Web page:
Move to intervene in crisis-ridden Knysna

Knysna Municipality

Knysna Municipality

Published Apr 18, 2024


Local Government, Environmental Affairs and Development Planning MEC Anton Bredell is considering making a recommendation to Premier Alan Winde and the Western Cape Cabinet to intervene in the Knysna Municipality in terms of Section 139(1)(a) of the Constitution in relation to the town’s wastewater and solid waste situation.

This section is invoked when a municipality does not fulfil its executive obligation.

It empowers the provincial executive to intervene if a municipality cannot or does not fulfil an obligation in terms of the Constitution or legislation to approve a budget or any revenue-raising measures necessary to give effect to the budget.

Also, when a municipality, as a result of a crisis in its financial affairs, is in serious or persistent material breach of its obligations to provide basic services or to meet its financial commitments or admits that it is unable to meet its obligations or financial commitments.

Bredell said he had written to the municipality in this regard – considering the “evidence” before him, there were reasonable grounds to believe that the municipality was not fulfilling certain executive obligations in terms of the Constitution or other legislation and had not “taken reasonable measures to address these challenges”, he said.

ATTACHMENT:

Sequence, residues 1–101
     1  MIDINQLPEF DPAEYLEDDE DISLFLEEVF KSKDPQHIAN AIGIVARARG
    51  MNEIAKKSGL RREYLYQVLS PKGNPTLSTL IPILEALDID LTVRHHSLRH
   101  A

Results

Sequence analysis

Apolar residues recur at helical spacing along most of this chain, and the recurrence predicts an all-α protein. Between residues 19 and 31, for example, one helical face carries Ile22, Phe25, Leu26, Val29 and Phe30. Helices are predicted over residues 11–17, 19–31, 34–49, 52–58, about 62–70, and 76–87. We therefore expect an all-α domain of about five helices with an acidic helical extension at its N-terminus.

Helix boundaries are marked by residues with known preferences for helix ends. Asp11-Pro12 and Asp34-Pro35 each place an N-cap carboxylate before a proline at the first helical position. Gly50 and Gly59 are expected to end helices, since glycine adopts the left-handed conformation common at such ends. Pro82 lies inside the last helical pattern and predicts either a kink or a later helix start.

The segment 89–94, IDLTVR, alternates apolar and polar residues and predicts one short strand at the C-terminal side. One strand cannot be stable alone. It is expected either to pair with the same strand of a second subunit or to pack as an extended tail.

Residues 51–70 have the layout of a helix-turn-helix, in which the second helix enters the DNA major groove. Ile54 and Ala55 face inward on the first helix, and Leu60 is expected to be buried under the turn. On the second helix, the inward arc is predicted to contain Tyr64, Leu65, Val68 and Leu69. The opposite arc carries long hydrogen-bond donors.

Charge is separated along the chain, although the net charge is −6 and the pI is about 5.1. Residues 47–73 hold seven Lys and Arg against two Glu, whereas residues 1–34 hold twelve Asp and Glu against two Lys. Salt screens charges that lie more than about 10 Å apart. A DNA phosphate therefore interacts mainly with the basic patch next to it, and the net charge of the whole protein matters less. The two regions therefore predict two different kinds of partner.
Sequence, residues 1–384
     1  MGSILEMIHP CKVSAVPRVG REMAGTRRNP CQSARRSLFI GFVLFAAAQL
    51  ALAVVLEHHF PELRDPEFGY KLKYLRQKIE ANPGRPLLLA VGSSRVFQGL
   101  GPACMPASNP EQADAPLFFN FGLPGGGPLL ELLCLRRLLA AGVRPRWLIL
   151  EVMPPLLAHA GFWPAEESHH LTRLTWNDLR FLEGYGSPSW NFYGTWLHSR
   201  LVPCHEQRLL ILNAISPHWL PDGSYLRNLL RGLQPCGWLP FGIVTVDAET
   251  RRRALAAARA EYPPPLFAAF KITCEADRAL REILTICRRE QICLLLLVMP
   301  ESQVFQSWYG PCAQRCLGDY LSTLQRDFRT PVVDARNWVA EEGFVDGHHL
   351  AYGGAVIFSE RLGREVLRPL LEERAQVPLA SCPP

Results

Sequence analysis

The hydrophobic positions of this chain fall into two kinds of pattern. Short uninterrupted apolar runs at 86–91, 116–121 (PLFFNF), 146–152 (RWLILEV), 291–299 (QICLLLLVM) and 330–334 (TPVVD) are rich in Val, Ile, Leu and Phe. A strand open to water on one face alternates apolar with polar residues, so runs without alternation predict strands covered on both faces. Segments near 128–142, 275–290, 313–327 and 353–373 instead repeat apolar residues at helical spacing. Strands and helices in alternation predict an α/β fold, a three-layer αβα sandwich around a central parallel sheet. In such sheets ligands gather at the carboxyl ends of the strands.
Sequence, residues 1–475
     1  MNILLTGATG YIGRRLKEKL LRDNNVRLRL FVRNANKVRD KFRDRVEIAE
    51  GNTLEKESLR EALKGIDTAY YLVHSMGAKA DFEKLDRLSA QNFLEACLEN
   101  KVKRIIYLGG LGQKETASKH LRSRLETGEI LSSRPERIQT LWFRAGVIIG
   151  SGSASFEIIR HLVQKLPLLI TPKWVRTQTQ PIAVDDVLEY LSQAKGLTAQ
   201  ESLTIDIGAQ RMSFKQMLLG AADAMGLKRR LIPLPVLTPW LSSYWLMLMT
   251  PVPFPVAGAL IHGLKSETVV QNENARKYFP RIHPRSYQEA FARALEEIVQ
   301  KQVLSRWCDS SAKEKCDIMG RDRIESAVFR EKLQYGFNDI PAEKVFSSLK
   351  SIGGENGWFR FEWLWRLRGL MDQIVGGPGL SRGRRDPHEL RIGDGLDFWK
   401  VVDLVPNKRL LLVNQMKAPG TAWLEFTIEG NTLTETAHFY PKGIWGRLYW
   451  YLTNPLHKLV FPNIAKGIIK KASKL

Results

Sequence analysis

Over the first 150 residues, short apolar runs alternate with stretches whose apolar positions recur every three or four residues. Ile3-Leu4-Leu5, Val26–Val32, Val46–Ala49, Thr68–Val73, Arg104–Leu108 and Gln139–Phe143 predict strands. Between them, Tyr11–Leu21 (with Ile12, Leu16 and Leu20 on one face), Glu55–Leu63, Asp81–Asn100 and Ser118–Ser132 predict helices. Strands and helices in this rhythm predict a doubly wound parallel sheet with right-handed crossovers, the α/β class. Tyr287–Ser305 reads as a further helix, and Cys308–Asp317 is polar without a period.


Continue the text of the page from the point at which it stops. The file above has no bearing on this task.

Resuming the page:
“Not only is the municipality not compliant with its obligations in terms of the Constitution, it is also transgressing in terms of the National Environmental Management Act (Nema).

“The current state of pollution within the Bigai River and the Knysna Estuary, as well as the inadequate sewerage infrastructure and lack of maintenance, is not only causing significant pollution of the environment but may also impact negatively on the health and well-being of the public and the residents residing along Bigai River and the affected areas within the Knysna Estuary,” he said.

According to Bredell, the letter is intended to afford the municipality an opportunity to consider his assessment of the current situation in Knysna.

Approached for comment, spokesperson for the Knysna municipality, Christopher Bezuidenhoudt, said the matter needed to be brought before the full council, before they could provide further comment.

At this stage the comments expressed by the municipal manager previously (Sunday) were still valid, he said.

Municipal manager Op Sebola had said: “At no point did the municipality decline to implement any of the directives issued. We continue to work hard and make progress in addressing the issues identified in the plan.”

“We also provide the Department of Local Government with regular updates, as stipulated in the directives.

“It must be noted that the support plan is still in the beginning stages, and working groups are developing the best support strategies and approaches. The final commitments will also be provided for in the next budget cycle.”

Meanwhile, ActionSA’s Julie Seton said they welcomed Bredell’s move.

“A precursor to placing the crisis-ridden municipality under administration, this long-awaited intervention comes at a point when service delivery has all but collapsed.

“ActionSA will continue to monitor every development arising from Knysna to ensure that residents' needs are placed first and that service delivery can be restored to a functional state,” Seton said.

Cape Times

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